You know that the mortgage homeowner is rational and is going to prepay rationally. So you know what these cash flows are. Some of the time the mortgage homeowner is going to pay the 8 dollars he owes, some of the time he’s just going to pay 8 dollars, in fact, here is what you know is going to happen. Down here where the 1s are he’s going to pay his coupon of 8, pay off the remaining principal and that’s the end of it. So in fact the very first day if interest rates went down the rational thing to do is to pay off the entire mortgage.

So you know that’s going to happen. Now, that’s the extra information you have. You know what the cash flows are. If other people knew those cash flows they would figure out the price of the mortgage too. It’s just they don’t know those. You know the cash flows and you can now figure out that the price better be 98.

Why–if there’s someone else willing to trade with you to buy that mortgage for more than 98, like why might that happen? Because someone else might have the erroneous opinion that the homeowner will never call the mortgage, will never prepay because he’s just going to be asleep all the time. So let’s say the homeowner’s a she. Let’s say the homeowners are all shes.

This other trader thinks they’re all asleep and will never prepay. You know that these homeowners are all incredibly alert and on top of things, and so they’re going to prepay, and the value’s only 98. So because of that extra information you know the actual cash flows. Sorry, we’re here. You know the cash flows. You know how to value the bond, and you know it’s worth 98. So, and let’s say the other guy’s willing to pay you 120 for it. So you can sell it short.

You can sell it to the guy short for 120. That means you owe whatever cash flows the mortgage pays, and you know what it’s going to pay down there. So how can you lock in your profit?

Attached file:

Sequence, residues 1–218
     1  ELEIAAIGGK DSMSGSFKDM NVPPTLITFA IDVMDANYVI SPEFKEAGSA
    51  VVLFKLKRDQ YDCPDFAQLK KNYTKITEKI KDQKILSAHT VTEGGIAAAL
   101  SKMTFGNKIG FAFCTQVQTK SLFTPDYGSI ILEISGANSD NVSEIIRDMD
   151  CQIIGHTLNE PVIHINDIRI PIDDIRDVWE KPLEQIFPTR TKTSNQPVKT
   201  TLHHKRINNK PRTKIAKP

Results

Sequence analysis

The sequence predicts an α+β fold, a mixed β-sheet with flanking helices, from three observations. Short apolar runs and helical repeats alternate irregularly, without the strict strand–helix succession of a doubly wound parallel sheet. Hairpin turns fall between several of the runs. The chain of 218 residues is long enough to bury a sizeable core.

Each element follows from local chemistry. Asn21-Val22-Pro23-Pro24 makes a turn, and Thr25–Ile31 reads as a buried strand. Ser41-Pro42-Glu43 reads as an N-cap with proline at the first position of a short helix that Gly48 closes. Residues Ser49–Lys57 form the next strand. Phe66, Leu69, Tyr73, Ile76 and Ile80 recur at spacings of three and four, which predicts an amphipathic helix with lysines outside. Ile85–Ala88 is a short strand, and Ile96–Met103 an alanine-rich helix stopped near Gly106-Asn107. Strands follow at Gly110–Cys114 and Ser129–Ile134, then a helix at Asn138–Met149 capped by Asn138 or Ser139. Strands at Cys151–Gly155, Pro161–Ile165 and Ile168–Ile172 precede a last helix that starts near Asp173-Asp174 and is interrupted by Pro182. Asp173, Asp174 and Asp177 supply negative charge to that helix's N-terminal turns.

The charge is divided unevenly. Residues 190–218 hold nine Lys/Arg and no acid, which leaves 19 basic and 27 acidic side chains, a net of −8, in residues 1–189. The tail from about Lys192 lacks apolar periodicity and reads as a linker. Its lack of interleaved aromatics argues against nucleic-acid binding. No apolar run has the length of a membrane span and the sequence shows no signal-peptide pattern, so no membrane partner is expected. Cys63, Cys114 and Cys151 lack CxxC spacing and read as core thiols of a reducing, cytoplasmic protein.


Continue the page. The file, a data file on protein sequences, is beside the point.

Well, because with 98 dollars at the very beginning you can replicate those cash flows. You can go out into the market and buy those cash flows, the very cash flows you know the mortgage is going to make. How can you do that? Well, because at the first step–remember what this says. The first step the price is 98. The interest rate could go up or down.

If the interest rate goes up the payment is 8. That’s the coupon plus 92 something; 92.6, and if it goes down the payment is 8. So what is this? The payment is actually 8. That’s the cash flow that has to be made. The mortgage wasn’t called here at the beginning so no matter what she does, the homeowner, she’s got to pay the 8. So you know you’re going to owe the guy 8 the first period. Now, down here she’s actually going to prepay. So she’s actually going to pay the guy the whole 99.1.

Up here she’s not going to prepay. She’s going to hang onto the mortgage. So what is this 92.6? This is the present value, assuming those cash flows, of her future payments. So if you get 98 dollars you know that 1 half times this–this by the way, is 102.6, so 1 half times this divided by 1.06 plus this thing, remember is 107.11 divided by 1.06 times 1 half. That’s how we got the number 98, 98.8 whatever it was.